Breaking News in the Industry: April 12, 2018

Employees bought more than $26,000 in gift cards with fake coupons

Authorities have arrested two employees of a Harvey, Louisiana, Walgreens accused of buying tens of thousands of dollars in gift cards using forged coupons. Kewanta Young, 35, of Avondale, was booked Friday with theft valued over $26,000 and five counts of computer fraud, according to an arrest report. Jefferson Parish Sheriff’s Office investigators arrested Fanny Kelley, 40, of Harvey, on Feb. 21 and booked her with theft valued under $4,999 and five counts of computer fraud, Jefferson Parish court records said. Young and Kelley worked as shift leaders at Walgreens, where officials performed an audit at the location earlier this year and discovered an unusually large number of prepaid gift cards had been bought using Catalina coupons, according to a Sheriff’s Office incident report. Various stores use Catalina coupons, which are printed at checkout based on purchases made. The coupons can only be used for a specific product. But the coupons used at the Harvey Walgreens were forgeries that allowed the suspects to receive $15 off any item in the store, according to the incident report. Young and Kelley are accused of cooperating with a third suspect, a female customer who came into the store and conducted multiple transactions per day, handing over several coupons during each transaction.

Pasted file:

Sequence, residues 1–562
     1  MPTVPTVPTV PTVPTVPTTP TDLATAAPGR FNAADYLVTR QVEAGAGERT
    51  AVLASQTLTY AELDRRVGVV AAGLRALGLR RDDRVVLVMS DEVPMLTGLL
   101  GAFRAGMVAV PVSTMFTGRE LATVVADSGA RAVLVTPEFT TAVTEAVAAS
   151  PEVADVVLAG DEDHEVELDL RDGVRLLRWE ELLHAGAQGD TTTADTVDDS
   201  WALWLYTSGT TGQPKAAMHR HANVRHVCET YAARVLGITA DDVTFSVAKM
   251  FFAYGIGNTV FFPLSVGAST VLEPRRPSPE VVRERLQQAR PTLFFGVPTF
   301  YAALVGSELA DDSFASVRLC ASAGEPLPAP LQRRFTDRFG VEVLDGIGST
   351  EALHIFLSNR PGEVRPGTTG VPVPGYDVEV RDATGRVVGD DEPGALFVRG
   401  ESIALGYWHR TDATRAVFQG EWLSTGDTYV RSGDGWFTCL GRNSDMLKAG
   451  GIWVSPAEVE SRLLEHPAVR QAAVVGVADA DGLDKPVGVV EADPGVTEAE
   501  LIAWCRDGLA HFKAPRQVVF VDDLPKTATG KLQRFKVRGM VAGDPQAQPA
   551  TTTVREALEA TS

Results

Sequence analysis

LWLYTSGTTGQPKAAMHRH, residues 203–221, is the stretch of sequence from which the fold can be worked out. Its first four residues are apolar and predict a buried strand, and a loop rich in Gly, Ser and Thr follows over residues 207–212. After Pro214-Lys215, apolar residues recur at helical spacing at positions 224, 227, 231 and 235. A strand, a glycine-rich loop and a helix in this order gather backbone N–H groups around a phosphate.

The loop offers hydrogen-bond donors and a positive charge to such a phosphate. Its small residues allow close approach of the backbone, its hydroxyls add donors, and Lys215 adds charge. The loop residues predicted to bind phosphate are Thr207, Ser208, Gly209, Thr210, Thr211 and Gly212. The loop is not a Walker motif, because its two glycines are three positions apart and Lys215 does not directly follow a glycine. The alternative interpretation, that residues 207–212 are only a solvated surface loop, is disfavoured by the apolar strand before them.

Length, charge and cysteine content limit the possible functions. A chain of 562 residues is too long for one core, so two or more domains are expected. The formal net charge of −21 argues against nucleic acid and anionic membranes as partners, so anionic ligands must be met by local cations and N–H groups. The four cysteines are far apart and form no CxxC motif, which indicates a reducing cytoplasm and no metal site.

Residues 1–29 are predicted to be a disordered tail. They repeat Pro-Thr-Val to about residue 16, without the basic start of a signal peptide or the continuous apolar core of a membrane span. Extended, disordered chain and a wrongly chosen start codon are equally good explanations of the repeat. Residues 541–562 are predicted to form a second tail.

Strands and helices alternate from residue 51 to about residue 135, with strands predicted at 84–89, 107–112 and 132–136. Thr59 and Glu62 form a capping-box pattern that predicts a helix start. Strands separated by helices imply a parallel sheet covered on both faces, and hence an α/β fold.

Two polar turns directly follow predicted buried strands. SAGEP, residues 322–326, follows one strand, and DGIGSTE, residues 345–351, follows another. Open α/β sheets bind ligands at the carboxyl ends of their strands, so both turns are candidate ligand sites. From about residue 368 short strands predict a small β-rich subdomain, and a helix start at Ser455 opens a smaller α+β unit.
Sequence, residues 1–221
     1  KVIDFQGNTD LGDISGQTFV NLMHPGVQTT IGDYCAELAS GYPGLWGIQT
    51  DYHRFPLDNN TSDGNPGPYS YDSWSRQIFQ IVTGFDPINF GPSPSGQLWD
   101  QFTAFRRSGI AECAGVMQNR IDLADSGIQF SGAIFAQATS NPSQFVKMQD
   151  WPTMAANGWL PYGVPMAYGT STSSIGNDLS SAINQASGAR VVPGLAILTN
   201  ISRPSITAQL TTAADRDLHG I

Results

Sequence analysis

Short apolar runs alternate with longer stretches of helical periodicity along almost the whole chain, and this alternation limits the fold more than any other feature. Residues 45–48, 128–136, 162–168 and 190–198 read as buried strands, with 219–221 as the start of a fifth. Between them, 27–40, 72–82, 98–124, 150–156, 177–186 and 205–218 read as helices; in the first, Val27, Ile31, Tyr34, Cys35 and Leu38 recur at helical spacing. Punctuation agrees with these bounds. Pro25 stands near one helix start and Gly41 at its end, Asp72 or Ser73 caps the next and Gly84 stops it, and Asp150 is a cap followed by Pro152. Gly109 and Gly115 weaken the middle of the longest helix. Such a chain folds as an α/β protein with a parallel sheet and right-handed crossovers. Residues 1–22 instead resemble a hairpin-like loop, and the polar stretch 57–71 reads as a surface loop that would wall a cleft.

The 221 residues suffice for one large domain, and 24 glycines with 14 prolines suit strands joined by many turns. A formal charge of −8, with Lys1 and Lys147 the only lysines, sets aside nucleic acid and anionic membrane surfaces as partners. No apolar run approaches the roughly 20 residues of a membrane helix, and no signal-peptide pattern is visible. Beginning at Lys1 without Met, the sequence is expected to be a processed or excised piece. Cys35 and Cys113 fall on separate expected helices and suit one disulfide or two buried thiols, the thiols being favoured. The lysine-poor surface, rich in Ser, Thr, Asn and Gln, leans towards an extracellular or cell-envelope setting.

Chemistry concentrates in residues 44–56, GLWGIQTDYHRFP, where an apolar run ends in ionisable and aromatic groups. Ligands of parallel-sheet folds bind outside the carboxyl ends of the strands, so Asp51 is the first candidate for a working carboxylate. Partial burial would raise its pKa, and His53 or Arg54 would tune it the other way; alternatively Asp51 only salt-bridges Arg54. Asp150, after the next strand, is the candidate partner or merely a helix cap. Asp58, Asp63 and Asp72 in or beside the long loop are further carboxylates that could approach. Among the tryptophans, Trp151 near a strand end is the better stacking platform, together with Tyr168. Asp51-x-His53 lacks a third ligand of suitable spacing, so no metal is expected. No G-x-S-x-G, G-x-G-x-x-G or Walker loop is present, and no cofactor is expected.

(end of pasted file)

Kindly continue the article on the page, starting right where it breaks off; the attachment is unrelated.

For example, Young and the third suspect are accused of buying $10,000 worth of gift cards using the coupons in a single day in February, according to the Sheriff’s Office. A Walgreens fraud investigator identified Young and Kelley as suspects because the women’s employee numbers were used to run the register during the suspicious transactions, an incident report said. The third suspect has not yet been arrested, Boyd said. On five days between Jan. 29 and Feb. 7, Young conducted 173 transactions with the third suspect, purchasing a total of $26,055 in gift cards. Kelley conducted 76 transactions on five days between Nov. 19 and Jan. 5 for a total of $3,124 in gift cards. The case is still under investigation, according to Boyd. Investigators are awaiting additional evidence from Walgreens. They’re also working to obtain a warrant for the third suspect. Young was being held Tuesday at the Jefferson Parish Correctional Center in lieu of a $78,000 bond. Kelley was released Feb. 22 on a $9,000 bond.  [Source: The Times-Picayune]

Two off-duty cops make shoplift arrest

Two off-duty police officers helped capture a man who police said stole several hundred dollars worth of merchandise from a Home Depot store. Police officer Sgt. Paul Catalina was walking towards the store on Route 88 near the Lakewood border when he heard an anti-theft device alarm and saw a store employee chasing a man into the parking lot, according to Brick police Sgt. Neal Pedersen. Noticing a security device on the boxes Catalina followed the man back to a car, a 2014 Hyundai Sonata. Pederson said Catalina identified himself as a a police officer and told the man, Brian Eckardt, 41, from Manahawkin, he was under arrest. Eckardt tried to drive off but Catalina put his hand inside the car to turn the car off. Off-duty Robbinsville police officer Matthew Hill, who was also shopping at the store, assisted Catalina in restraining Eckert into custody. Eckert was later found to have a Milwaukee M18 Fuel Drill Kit, valued at $399 and a DeWalt Compact Brushless Drill/Driver Kit, valued at $199, and were recovered. He was charged for shoplifting, possession of drug paraphernalia and possession of a hypodermic syringe. [Source: NJ101.5 News]

Teen said she intended to steal hoverboards; family banned from store